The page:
Balancing Wanderlust with Stay-at-Home: Two Works by J. M. W. Turner
English landscape painter J. M. W. Turner found endless inspiration in his travels. On his journeys throughout the United Kingdom and Europe, Turner filled hundreds of sketchbooks with tens of thousands of drawings and watercolor sketches. Back in his studio, he used this material—along with his memory and imagination—to create detailed oil paintings and watercolors. The Taft Museum of Art has brilliant examples of both in its collection.
Solved: The Mystery of the Unknown Cabinet Maker
A slew of tantalizing questions surround this 18th Century furniture maker. First, was this the same Porter Clay who made the Taft Museum of Art’s early Kentucky sideboard? If so, where did Clay run off to? Was he captured? When did he come back to Lexington? Finally, did he avoid a jail sentence, and, if so, how? Such questions abound in an intriguing story featuring a runaway furniture maker, spiked with notes of nepotism and Kentucky luxury.
When an art object is going to be photographed for publication, it needs to look its best. One of the Taft’s treasures, the splendid but badly tarnished 17th-century Two-Handled Covered Cup, was brought to the Museum’s conservation lab to be cleaned and stabilized prior to photography (The Taft has a lab on site for the use of different contract conservators, each of whom specializes in certain kinds of art objects.)
Oz Visits the Queen City
In 1900, L. Frank Baum published The Wonderful Wizard of Oz, and the following year he began adapting the book as a musical for adults. The show premiered in Chicago in 1902, became a smash hit, opened on Broadway, and then toured until 1909. The Wizard of Oz opened in Cincinnati at the Grand Opera House on New Year’s Day, 1905.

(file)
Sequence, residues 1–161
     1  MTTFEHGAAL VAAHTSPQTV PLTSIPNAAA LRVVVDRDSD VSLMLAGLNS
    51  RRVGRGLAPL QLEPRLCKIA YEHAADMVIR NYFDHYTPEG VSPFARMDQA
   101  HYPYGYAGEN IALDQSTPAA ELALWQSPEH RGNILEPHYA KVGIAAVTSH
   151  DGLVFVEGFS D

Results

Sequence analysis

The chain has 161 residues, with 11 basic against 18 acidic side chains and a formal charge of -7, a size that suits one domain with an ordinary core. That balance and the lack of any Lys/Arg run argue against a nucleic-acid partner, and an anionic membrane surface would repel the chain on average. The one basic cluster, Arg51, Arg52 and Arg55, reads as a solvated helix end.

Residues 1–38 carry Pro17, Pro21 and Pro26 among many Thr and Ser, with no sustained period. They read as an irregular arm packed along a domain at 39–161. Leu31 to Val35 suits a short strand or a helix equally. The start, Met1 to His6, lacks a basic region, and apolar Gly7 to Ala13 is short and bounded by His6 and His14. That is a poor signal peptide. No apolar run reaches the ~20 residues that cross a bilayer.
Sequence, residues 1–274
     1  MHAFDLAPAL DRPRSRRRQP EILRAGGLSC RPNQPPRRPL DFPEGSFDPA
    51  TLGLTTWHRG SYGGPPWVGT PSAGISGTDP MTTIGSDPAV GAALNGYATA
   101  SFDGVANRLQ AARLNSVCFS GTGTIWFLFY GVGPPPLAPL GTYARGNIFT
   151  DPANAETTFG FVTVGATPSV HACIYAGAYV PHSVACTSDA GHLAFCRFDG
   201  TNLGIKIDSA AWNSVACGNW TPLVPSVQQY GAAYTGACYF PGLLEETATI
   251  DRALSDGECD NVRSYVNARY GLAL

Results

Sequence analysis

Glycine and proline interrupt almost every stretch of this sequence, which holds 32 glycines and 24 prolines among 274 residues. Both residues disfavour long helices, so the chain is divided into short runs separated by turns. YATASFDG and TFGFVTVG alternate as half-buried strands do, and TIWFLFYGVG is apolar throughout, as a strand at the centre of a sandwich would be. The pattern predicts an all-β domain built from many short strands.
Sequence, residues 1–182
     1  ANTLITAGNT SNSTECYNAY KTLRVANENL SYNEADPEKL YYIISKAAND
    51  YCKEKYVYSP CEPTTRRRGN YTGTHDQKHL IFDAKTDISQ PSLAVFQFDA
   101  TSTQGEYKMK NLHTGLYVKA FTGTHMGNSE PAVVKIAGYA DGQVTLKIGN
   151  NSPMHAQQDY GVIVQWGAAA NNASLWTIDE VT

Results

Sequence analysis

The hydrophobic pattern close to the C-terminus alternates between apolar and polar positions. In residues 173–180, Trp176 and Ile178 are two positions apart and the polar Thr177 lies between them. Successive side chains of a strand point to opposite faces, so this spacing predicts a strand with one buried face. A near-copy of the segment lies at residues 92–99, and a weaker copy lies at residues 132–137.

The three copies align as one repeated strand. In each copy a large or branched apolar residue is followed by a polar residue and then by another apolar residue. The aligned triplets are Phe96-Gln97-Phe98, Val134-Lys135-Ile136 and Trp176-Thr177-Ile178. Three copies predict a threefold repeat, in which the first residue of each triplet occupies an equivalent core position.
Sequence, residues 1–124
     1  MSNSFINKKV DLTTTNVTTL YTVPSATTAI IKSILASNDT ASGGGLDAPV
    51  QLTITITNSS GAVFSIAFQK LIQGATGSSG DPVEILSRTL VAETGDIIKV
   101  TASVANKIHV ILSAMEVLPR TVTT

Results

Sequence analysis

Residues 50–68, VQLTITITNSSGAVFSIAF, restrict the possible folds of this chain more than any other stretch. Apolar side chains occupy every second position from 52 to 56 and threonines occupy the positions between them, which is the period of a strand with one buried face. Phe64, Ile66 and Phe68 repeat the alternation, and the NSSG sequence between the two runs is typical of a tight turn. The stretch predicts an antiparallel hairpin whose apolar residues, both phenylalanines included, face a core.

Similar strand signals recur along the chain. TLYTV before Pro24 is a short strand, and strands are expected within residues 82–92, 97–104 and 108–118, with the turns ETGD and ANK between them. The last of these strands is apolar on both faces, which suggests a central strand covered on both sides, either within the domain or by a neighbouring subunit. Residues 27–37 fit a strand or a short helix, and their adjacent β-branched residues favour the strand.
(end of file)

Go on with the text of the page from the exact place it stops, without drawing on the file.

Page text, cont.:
The Power of Landscapes
In 1757, Irish statesman and philosopher Edmund Burke published On the Sublime and the Beautiful, which defined two different emotional responses to landscape in nature and in art. Burke stated that the beautiful is comforting and fosters pleasant and calm feelings—a placid lake, a perfectly formed seashell, a clear blue sky. On the opposite end of the spectrum, the sublime overwhelms with awe, terror, or danger—a steep precipice, a thunderstorm, a crashing waterfall. Burke explained that when experienced at a distance, such as translated through art, the sublime generates delight.
Limoges Enamels during the Reformation
Small and shiny, Limoges enamels glow like jewels in the Taft Museum of Art’s Medieval and Renaissance galleries. Workshops of skilled artisans in Limoges, France, produced these decorative objects by delicately fusing layers of vividly colored glass to copper. By the 16th century, influenced by the Italian Renaissance and aided by a newly developed enameling technique similar to painting, enamellers replaced medieval modes of decoration with dynamic storytelling.